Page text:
The Ecosia’s reforestation project is focused on “biodiversity hotspots” – which includes regions of the world with a variety of unique species and/or impoverished communities which may be unable to handle large scale tree-planting on their own. There are several benefits of reforestation and while the immediate environment stands to gain a lot more than the rest of the world, the planting of trees is a globally beneficial project. Reforestation can help to:
- Curb desertification to help keep the soil productive
- Absorb carbon dioxide from the atmosphere and thus help control global warming
- Provide a safe and natural habitat for wildlife
- Provide a steady stream of income for people in the biodiversity hotspots who take on the job of planting and grooming the trees
- Provide food security through tree planting initiatives
Overall, in addition to the benefits of reforestation to the environment, it can also help to improve the economic status of locals in these communities.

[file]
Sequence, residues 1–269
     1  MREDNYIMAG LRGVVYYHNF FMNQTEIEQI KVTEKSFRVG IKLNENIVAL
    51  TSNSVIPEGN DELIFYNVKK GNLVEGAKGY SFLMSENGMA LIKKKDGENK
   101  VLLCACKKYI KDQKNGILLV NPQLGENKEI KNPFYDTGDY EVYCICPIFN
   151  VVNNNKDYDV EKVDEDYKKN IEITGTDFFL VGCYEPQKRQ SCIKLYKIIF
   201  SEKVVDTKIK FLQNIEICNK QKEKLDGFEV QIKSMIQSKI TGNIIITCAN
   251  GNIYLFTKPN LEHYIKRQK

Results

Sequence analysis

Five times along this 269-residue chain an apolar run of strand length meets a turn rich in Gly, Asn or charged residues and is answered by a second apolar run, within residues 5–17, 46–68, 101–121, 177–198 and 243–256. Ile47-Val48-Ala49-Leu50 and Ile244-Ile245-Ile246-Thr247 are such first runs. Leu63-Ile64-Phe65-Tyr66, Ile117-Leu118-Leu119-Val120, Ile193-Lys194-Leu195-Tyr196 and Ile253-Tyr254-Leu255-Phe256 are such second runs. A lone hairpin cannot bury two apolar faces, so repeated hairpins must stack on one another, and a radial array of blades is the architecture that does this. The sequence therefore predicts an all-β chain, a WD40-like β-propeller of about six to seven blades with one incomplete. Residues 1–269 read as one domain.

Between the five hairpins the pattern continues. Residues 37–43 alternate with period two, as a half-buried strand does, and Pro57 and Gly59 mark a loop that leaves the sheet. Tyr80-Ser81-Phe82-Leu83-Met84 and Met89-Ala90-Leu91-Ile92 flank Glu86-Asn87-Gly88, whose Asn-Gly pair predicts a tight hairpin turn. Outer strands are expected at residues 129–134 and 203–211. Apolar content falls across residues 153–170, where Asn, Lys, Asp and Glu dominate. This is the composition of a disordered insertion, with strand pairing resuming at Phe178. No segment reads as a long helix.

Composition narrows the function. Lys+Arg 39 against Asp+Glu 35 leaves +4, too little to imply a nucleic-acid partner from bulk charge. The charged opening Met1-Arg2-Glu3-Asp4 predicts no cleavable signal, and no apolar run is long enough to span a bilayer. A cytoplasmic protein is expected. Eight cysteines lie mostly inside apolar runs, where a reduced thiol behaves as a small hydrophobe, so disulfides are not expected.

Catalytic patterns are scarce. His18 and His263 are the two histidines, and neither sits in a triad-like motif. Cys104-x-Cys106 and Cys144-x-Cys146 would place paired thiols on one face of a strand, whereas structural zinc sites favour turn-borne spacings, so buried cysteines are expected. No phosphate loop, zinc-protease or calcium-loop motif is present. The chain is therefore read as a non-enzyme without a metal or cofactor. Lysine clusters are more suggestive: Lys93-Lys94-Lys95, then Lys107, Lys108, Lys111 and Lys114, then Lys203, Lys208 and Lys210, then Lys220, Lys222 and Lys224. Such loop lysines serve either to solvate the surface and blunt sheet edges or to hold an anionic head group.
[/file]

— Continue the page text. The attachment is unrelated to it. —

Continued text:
While the over 52 million trees planted in several countries across the world by Ecosia has done little to offset the about 15 billion trees cut down on a yearly basis, the contribution of Ecosia to reforestation is one that must not be taken for granted. The goal of the Ecosia community is to plant at least 1 billion trees by 2020 and whether this goal is actualized or not, Ecosia is reforesting degraded landscapes and creating a greener world for all of us.
For internet users in regions with limited internet access, such as in China, Ecosia’s eco search engine also offers new areas of online exploration and protection from the gathering and selling of users’ personal data.